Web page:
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Millennials boosting retail ‘un-gift’ card sales

Summary

Millennials are driving significant growth in retailer-specific gift cards, but they’re ignoring the gifting part and using the cards themselves

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Millennials are driving significant growth in retailer-specific gift cards, but the term “gift card” is increasingly a misnomer.

According to the Mercator Advisory Group, many retailer cards bought by consumers age 18-34 aren’t being gifted for someone’s birthday or for Christmas, but used by the purchaser themselves in a mobile application, such as Starbucks’ mobile payment and loyalty program app.

See related: Infographic: Credit card love from older millennials, More infographics

Mercator has studied the uptake of retailer-specific gift cards since 2013, and the trends are strongly upward in the millennial generation. At the younger end of the cohort, the purchase of retailer cards is up to 53 percent of those age 18-24 in 2016, compared to just 38 percent in 2013. Among older millennials, age 25-34, the growth is even more substantial, reaching 3 in 5 consumers (60 percent) in 2016 versus a 39 percent uptake three years ago.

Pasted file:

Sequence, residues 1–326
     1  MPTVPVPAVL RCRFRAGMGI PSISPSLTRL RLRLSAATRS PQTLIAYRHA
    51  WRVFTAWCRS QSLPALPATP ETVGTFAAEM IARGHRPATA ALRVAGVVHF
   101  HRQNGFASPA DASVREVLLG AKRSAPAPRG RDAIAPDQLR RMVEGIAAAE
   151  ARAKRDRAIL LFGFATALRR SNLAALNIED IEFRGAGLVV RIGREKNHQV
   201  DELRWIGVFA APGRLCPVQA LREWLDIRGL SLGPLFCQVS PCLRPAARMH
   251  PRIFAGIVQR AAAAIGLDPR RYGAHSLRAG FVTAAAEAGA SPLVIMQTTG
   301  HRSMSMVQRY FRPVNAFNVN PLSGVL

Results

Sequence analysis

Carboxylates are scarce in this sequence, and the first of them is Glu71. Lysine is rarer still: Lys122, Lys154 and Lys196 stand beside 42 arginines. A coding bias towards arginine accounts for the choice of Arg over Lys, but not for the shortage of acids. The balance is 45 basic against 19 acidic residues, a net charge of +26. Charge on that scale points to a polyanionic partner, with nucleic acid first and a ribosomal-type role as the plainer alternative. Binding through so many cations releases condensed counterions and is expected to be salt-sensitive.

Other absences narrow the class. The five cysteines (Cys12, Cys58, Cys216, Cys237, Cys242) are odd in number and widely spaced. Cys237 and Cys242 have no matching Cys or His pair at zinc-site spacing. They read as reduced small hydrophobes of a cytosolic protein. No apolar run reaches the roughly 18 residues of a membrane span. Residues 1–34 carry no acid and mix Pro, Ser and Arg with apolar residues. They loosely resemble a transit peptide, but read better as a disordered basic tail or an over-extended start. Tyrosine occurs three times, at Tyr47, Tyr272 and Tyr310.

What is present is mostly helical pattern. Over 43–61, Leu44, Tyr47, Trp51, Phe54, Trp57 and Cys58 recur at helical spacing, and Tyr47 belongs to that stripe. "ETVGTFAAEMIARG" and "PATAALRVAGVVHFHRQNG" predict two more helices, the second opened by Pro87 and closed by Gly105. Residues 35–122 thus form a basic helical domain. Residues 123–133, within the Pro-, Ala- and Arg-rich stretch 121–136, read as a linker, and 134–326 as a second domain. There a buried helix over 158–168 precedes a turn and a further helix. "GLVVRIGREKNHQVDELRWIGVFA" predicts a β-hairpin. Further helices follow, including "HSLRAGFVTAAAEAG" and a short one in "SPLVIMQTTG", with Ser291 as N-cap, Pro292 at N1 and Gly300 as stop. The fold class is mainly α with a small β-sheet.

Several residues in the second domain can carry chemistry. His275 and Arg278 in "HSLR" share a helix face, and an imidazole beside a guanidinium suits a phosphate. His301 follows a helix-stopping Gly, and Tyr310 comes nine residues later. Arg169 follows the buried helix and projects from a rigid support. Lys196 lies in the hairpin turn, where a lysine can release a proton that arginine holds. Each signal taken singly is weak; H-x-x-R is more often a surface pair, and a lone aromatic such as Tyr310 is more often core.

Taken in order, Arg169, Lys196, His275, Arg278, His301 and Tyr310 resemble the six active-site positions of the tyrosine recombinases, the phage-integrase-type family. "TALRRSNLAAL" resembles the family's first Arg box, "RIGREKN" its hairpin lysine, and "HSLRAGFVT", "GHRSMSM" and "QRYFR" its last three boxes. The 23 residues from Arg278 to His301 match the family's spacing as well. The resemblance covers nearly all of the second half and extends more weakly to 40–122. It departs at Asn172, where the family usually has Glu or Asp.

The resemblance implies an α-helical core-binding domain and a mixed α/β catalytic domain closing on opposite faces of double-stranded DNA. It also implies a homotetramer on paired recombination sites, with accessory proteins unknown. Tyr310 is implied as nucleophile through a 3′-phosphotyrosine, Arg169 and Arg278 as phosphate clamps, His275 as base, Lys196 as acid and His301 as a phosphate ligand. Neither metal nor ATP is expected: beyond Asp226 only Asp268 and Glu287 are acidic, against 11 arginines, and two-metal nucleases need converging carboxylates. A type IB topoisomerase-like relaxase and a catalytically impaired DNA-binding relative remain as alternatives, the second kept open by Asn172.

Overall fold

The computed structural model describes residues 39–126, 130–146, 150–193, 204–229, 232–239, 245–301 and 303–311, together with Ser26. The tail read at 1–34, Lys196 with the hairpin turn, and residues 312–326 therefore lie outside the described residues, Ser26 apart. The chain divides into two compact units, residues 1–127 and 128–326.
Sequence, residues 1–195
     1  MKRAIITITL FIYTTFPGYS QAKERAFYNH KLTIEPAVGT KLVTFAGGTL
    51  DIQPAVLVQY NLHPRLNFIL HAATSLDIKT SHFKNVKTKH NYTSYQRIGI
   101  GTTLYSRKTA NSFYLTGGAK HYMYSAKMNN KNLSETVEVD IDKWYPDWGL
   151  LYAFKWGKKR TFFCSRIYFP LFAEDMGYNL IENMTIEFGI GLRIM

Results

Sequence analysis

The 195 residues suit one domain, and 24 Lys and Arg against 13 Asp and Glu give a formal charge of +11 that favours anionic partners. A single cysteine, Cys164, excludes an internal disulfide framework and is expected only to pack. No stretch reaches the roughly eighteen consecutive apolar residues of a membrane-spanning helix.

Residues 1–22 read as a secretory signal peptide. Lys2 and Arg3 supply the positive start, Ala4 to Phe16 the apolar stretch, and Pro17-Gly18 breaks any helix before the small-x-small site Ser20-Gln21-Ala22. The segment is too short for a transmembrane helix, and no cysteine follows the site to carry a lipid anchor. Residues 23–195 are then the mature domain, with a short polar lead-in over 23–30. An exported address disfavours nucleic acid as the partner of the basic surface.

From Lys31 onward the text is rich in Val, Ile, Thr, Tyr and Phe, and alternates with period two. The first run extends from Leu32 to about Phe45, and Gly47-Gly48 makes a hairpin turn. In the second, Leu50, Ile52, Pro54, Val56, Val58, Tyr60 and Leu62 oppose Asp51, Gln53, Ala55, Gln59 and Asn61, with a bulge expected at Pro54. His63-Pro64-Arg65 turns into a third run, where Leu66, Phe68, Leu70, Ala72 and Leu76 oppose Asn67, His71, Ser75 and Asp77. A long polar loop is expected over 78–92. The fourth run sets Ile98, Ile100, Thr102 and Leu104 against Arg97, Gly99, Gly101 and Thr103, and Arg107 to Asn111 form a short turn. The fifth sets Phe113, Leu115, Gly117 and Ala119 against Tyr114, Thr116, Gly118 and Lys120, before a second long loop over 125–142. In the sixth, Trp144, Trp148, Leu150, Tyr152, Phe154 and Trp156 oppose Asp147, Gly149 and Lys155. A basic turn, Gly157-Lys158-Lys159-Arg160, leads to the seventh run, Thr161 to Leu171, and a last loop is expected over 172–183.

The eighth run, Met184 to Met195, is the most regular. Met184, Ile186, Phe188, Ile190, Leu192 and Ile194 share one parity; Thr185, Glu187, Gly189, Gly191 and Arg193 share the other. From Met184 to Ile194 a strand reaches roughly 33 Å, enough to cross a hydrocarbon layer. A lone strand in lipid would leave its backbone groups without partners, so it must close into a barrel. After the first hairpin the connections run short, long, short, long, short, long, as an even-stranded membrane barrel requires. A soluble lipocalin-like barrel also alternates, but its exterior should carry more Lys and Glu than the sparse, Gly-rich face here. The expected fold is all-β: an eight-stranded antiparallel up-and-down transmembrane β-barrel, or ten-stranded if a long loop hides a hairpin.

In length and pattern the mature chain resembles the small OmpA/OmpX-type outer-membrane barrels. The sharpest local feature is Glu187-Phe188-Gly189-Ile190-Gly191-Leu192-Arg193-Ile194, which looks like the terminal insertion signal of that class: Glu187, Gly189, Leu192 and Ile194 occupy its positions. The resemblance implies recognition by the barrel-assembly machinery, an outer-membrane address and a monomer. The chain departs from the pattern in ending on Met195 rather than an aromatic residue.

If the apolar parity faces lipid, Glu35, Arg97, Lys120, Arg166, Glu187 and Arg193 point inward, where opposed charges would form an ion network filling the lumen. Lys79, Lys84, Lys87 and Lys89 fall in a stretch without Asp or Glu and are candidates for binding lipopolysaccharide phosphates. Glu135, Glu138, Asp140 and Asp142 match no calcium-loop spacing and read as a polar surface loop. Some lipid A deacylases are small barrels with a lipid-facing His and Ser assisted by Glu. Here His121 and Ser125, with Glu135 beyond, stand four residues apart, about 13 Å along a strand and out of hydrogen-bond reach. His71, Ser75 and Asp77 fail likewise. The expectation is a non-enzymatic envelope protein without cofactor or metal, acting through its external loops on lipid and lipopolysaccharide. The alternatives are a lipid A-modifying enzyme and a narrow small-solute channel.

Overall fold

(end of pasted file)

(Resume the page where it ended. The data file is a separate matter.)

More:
“Retailers are introducing more mobile-based apps and offers when using their loyalty and prepaid programs,” report author

Karen Augustine said. “Young adults continue to lead this mobile revolution and growing use of prepaid cards as a money management tool.”

Indeed, the trend is unique to the generation, with those age 35-64 seeing only a modest increase (from 36 percent to 42 percent) and those age 65 or older actually registering a downtrend, dropping from 37 percent to 31 percent between 2013 and 2016.

Mercator’s latest round of its survey was conducted online among more than 3,000 U.S. adults in June 2016, with results released in late August.

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